Rock You Like a Hurricane.

You’ll notice that there is a huge chunk missing in the timeline of my blogs, a lapse of around four years. Four years is a considerable amount of time. A lot can happen in four years.

And a lot did.

The earth got warmer, idiots took over world superpowers, atrocities against minorities continued, the #metoo movement empowered women across the globe, horribly destructive wildfires held our attention for over a few minutes, online memes an trolls became a staple diet for many, and a new virus managed to do something I would never have believed possible: it made oil prices drop below zero.

Some things remained constant, though.

There are still those who believe that the earth is flat, hair keeps falling out at an outrageous pace, sunrises are beautiful, majorities still manage to elect idiots into positions of power, I sleep through most sunrises, elders in my society do not care for women who haven’t managed to land a man right after graduation and make at least one baby in the next two years, and my wisdom teeth threaten to surface but inevitably give up the fight to tear up my gums within a week or less.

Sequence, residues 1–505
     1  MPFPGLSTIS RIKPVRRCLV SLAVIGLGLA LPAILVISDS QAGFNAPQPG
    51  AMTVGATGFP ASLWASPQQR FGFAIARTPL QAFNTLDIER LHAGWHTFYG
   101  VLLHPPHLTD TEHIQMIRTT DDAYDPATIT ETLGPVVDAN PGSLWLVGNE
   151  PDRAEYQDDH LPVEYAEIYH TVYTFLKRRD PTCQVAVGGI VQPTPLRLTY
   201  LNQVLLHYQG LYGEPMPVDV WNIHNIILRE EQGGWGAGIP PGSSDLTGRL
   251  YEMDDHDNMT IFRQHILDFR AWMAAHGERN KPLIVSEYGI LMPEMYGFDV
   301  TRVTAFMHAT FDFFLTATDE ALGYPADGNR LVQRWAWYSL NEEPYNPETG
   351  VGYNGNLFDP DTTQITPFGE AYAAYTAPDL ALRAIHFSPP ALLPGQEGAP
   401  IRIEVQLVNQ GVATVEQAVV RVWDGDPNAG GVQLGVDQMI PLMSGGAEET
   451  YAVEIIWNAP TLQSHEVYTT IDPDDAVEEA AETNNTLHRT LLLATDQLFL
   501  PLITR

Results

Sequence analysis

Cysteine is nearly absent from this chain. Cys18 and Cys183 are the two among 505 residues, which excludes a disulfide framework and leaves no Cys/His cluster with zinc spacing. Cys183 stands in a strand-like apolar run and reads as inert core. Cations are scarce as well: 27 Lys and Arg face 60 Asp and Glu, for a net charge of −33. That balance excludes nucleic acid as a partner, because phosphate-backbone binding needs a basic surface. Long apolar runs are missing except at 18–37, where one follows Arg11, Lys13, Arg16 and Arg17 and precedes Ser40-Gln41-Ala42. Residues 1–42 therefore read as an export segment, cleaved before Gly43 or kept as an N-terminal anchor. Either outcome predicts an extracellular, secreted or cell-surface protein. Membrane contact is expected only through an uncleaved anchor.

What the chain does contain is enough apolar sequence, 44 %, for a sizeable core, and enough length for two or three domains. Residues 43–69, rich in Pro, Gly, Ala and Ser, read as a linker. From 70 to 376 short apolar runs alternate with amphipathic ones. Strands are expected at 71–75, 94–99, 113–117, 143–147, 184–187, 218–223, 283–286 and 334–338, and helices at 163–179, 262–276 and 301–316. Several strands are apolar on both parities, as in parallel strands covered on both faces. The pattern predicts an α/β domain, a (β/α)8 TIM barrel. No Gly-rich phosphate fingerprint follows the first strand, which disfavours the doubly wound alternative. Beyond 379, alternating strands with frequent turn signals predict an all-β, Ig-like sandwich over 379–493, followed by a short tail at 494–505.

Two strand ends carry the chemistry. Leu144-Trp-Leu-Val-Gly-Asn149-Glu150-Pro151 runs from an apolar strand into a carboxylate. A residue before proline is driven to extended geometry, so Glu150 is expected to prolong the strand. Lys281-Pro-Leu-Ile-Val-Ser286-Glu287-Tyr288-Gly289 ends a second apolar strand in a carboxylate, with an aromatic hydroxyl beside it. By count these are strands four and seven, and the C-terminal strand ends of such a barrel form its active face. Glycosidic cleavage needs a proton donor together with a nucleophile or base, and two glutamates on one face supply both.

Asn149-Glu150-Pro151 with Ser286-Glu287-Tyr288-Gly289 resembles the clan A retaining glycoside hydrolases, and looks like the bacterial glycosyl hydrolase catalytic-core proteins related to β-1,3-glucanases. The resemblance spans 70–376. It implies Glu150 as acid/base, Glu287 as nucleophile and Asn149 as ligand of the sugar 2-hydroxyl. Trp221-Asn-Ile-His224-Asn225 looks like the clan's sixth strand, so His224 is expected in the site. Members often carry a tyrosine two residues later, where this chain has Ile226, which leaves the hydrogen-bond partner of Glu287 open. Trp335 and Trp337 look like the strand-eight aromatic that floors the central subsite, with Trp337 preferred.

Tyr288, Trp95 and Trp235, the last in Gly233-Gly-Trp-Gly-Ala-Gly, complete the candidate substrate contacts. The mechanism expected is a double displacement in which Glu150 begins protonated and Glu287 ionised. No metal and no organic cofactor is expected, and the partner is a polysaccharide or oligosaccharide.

I’d like to think I’ve changed over these years. I like to believe that my hotheadedness has cooled down considerably, I pray that my thoughts carry more maturity, and I hope that I’ve evolved as a person. But I still enjoy blowing bubbles into my drinks.

It’s not that I stopped writing; in fact, I defied all familial expectations and social norms by locking up my civil engineering degree in a safe-box and setting out to conquer the world with a pen, or rather, a tiny Asus notebook with a broken keyboard. It’s just that while I was hot in the pursuit of making a profession out of my writing without a degree to substantiate my skill, I stopped writing for myself.

As I poured thousands of words into corporate blogs, creative posters, technical papers, private policies, legal contracts, website pages and architectural books, I forgot the joy I got from putting my simple thoughts down on paper. I missed the control I had over my well-being by being able to reduce my complex emotions into binary digits that could be erased in seconds. I missed the magic of spinning stories for myself, of allowing myself the luxury of writing simply because I want to, not to cater to a client’s needs.

So here I am. Rock you like a hurricane.

Kidding, I’m barely a whisper in a storm. But, here I am anyway. Ready to pick up where I left off.

One thought on “Rock You Like a Hurricane.

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